Hey! @Dicky Ticker . . . I'm not looking to cause an argument .So what's your point? Are you saying that you don't need to have a modified sub to operate in any water deep enough to hide it?
Yes it can be bought "as-is", and as long as you use whatever you bought in the same type of conditions as it was originally designed for then and use it in isolation there should be no problems, it will work to the same specifications as all the other "as-built" examples.
But take it outside that operating environment, or operate it with something else that doesn't have the same systems and you will hit problems. The RAN uses other submarines and surface vessels that are not "as-built" so how do they communicate? How do the weapon systems integrate if one uses torpedo X and the other subs use Torpedo Y?
The salinity and temperature profiles of the waters around Australia are different from the coast of the US or UK, so there will be performance differences in instruments which need to be understood.
To put it mildly, even driven a car with the speedo in KPH? Bit of a pain if you are used to MPH isn't it....
What modifications did the RAN have to make to the O class boats that Australia bought in the late sixties which seemed to serve the RAN pretty well up to 1997 when I read of nothing but problems with the Collins class?
Again, you go back sixty years to describe a threat that Indonesia presents to Australia.
A miniscule war fought between Indonesia and Malaysia in the bush of Borneo and one terrorist attack in Singapore, sixty years ago.
So I ask again, what threat does Indonesia pose to Australia?
Just to get the threat in context I will present the following data:
Australian defence budget $35 billion - Indonesian defence budget $9 billion (mostly spent on wages and pensions)
That's before Australia gets its nuclear submarine fleet from the UK and US.
Really gentlemen, can we get a wee bit of perspective here? Indonesia poses no threat to Australia.
Exactly what I have been saying for the last decade or so about the Victoria class.I think the issue in this case may be if Australia does its usual and tinkers with the design of the submarines too much. I think the riskiest option would be to take for example a UK boat design and put US kit into it instead of just buying a design and building it as is.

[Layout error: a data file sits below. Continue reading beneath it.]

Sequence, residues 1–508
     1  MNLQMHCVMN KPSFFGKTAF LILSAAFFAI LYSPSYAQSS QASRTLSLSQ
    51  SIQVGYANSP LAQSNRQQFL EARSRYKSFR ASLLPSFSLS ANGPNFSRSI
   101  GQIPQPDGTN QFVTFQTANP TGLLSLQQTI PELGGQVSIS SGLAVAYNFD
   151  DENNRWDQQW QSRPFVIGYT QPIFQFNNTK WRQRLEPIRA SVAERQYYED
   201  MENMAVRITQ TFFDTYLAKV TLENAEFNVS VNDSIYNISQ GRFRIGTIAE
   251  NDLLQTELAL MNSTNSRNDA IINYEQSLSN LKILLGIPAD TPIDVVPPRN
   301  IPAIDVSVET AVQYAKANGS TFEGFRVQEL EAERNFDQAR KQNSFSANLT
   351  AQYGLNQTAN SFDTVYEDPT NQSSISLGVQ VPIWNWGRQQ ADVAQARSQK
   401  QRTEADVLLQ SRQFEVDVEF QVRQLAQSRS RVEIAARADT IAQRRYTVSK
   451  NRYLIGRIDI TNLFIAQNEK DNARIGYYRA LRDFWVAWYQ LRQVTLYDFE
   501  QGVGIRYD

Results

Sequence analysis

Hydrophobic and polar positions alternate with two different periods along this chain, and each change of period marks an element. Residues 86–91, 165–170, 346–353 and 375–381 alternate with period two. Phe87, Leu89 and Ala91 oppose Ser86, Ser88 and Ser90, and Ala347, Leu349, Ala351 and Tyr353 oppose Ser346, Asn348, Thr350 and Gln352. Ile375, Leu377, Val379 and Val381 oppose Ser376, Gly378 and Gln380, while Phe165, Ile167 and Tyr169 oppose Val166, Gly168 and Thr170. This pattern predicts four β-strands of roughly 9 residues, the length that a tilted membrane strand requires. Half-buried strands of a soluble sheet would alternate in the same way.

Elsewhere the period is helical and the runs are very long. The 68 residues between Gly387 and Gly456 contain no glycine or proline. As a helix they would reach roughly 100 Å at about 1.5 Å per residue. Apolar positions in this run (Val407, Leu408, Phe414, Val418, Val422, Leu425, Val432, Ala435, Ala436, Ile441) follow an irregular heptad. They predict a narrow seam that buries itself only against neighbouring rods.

Canada bought the UK Upholders (now Victoria class) but decided we wanted US combat systems in them installed by US defence contractors instead of just using them as is. Thereafter followed years of massively ballooning costs and years of delays, followed by yet more years of unresolved problems. This may sound vaguely familiar to you.
Buy a design that you are confident will work and that the originating country will be using in that configuration themselves so they can sort the problems out before they affect you. If you decide you need something like say bigger air conditioners then that's probably not a major risk, but specifying something that is half of one thing and half of another has all the makings of a fiasco if you haven't got a lot of experience at building such things.
She’s probably already been to Paris and back by Eurostar already for her telling off, probably with the Defence Attaché for not knowing what was going on.Some of the commentary here in France suggests that by not recalling Madame Colonna from London, Macron is showing even more contempt for the UK by implying that we are less significant than the US or Aus in this affair.
I toy with that idea, but think on balance the bigger mistake was accepting the armistice. A war was coming regardless, whether it happened in 1914 or not. If you look at late 1918, the British Army was at its zenith; better trained, equipped and lead than its German counterpart by that point and achieving significant victories at a scale I don't feel we've repeated or achieved prior. 3-4 more weeks of fighting would have lead to a total collapse of the German army and by consequence, state.